Richard Condit


Practice Areas

  • Whistleblowers
headshot of Richard Condit


Richard Condit is a partner at Mehri & Skalet and co-chairs the firm’s Whistleblower Rights Practice. Before joining Mehri & Skalet, Richard worked at the Government Accountability Project (GAP)—first from 1987-1995 and again in 2007. In his first stint at GAP, he helped develop the organization’s environmental whistleblower and citizen enforcement programs. When Richard returned to the organization, he served as Senior Counsel and led GAP’s in-house litigation of whistleblower and open government cases. Richard is also the former General Counsel for Public Employees for Environmental Responsibility (PEER), where he led the group’s whistleblower litigation efforts. Additionally, Richard previously served as an adjunct faculty member of the University of the District of Columbia David A. Clarke School of Law, teaching Whistleblower Law and Practice in the classroom and through the school’s highly regarded clinical program. 

Richard is admitted to practice before the U.S. Supreme Court and multiple federal district courts. He has also appeared before several U.S. Courts of Appeal and regularly practices before the U.S. Department of Labor, the U.S. Office of Special Counsel, the U.S. Merit Systems Protection Board, and various state courts and agencies.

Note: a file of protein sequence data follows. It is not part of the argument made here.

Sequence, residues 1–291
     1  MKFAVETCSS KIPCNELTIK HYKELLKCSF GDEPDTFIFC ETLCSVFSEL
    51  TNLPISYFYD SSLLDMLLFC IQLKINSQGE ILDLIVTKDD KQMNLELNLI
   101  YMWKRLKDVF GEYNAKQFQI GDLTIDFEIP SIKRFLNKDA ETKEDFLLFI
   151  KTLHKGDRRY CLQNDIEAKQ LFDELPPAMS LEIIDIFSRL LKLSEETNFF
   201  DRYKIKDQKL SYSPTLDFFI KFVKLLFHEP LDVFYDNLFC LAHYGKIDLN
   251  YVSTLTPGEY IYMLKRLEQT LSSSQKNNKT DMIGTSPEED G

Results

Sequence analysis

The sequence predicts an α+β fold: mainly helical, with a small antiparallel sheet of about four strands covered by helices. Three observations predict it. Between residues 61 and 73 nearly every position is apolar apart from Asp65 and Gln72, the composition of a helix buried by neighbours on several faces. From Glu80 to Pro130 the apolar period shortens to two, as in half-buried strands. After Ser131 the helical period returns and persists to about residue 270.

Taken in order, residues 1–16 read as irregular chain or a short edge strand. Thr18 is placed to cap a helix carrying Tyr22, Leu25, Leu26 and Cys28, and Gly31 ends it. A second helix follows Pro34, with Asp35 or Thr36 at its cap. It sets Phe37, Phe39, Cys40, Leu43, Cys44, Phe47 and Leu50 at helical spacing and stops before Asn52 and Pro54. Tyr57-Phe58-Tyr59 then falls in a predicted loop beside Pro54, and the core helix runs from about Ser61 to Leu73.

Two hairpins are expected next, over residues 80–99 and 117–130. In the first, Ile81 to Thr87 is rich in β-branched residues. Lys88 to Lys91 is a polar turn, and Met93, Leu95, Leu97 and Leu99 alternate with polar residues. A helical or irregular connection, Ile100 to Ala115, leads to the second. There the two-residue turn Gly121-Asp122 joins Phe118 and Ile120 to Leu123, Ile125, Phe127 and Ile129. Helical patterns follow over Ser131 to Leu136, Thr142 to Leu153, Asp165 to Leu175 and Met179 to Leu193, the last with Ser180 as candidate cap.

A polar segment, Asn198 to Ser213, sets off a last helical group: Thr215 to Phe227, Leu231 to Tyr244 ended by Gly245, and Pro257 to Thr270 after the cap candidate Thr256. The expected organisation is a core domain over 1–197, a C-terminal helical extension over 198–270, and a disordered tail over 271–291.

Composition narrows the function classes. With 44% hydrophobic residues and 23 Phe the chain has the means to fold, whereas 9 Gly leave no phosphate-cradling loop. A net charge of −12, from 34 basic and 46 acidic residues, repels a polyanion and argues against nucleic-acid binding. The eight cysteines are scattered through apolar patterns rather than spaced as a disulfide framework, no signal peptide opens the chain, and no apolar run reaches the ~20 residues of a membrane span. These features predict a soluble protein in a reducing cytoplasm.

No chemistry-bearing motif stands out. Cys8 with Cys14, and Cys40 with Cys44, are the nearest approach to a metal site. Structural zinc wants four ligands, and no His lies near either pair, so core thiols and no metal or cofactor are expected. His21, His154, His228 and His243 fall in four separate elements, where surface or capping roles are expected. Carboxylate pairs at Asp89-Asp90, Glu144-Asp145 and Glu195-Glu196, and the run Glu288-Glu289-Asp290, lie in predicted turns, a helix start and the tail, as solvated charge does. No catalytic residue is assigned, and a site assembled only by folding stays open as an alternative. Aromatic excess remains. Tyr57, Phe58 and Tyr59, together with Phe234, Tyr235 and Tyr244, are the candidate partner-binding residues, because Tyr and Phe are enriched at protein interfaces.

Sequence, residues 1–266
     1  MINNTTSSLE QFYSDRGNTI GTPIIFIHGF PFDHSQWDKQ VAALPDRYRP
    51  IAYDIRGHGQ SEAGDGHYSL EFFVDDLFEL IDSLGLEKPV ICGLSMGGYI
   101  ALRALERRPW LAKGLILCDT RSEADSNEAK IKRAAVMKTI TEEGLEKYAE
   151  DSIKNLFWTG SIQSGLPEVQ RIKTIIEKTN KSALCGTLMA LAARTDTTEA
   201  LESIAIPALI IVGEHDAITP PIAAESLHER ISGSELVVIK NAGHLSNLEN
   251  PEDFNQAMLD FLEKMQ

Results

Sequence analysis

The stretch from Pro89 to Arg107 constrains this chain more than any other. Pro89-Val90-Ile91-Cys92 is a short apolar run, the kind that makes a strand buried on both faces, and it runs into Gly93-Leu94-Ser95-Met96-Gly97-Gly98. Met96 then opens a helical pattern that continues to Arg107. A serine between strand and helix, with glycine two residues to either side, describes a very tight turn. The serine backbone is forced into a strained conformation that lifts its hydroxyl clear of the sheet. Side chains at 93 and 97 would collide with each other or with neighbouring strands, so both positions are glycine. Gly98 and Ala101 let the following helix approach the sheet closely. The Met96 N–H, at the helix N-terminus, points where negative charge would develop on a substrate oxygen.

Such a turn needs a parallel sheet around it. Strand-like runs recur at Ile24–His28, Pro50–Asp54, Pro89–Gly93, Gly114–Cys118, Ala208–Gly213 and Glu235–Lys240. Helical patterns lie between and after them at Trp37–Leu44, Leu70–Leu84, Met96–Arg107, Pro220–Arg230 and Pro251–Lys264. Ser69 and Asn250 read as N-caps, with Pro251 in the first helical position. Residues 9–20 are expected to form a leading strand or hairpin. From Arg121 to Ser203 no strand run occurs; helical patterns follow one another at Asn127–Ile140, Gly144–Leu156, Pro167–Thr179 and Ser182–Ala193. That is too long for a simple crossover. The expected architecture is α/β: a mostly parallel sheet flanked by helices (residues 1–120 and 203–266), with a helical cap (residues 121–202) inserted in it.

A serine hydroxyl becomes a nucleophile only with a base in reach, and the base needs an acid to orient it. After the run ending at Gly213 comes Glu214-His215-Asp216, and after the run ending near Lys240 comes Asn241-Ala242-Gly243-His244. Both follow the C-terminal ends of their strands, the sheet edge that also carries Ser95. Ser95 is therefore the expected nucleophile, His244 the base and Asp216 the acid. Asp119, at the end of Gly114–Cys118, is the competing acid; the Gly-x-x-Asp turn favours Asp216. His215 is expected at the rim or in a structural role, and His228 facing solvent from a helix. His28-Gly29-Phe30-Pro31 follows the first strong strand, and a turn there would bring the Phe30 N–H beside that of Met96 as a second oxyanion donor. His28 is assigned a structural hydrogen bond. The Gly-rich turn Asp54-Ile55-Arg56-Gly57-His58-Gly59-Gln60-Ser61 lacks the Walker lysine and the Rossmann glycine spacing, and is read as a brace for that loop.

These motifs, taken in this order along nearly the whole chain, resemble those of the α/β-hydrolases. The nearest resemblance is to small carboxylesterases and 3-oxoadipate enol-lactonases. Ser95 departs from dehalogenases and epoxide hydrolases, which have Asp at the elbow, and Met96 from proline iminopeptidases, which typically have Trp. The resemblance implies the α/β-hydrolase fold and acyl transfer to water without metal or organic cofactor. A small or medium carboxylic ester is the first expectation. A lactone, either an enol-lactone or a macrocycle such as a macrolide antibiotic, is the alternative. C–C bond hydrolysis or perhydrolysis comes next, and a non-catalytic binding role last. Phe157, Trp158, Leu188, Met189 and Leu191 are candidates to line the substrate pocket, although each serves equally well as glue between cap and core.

Richard’s expertise is recognized by whistleblower advocacy and support organizations. In 2021, he appeared at Whistleblowers of America’s first Workplace Promise Institute conference and spoke on a panel focused on legal protections for whistleblowers. Richard also spoke at the Taxpayer’s Against Fraud 21st Annual Conference. At the TAF conference, he moderated a panel that discussed the mental health challenges, stress, and trauma experienced by whistleblowers.

Richard’s work was recognized in Tom Mueller’s 2019 book, Crisis of Conscience: Whistleblowing in the Age of Fraud; former U.S. EPA senior criminal enforcement lawyer Richard Emory’s 2019 book, Fighting Pollution and Climate Change; and Chip Ward’s 1999 book, Canaries on the Rim – Living Downwind in the West.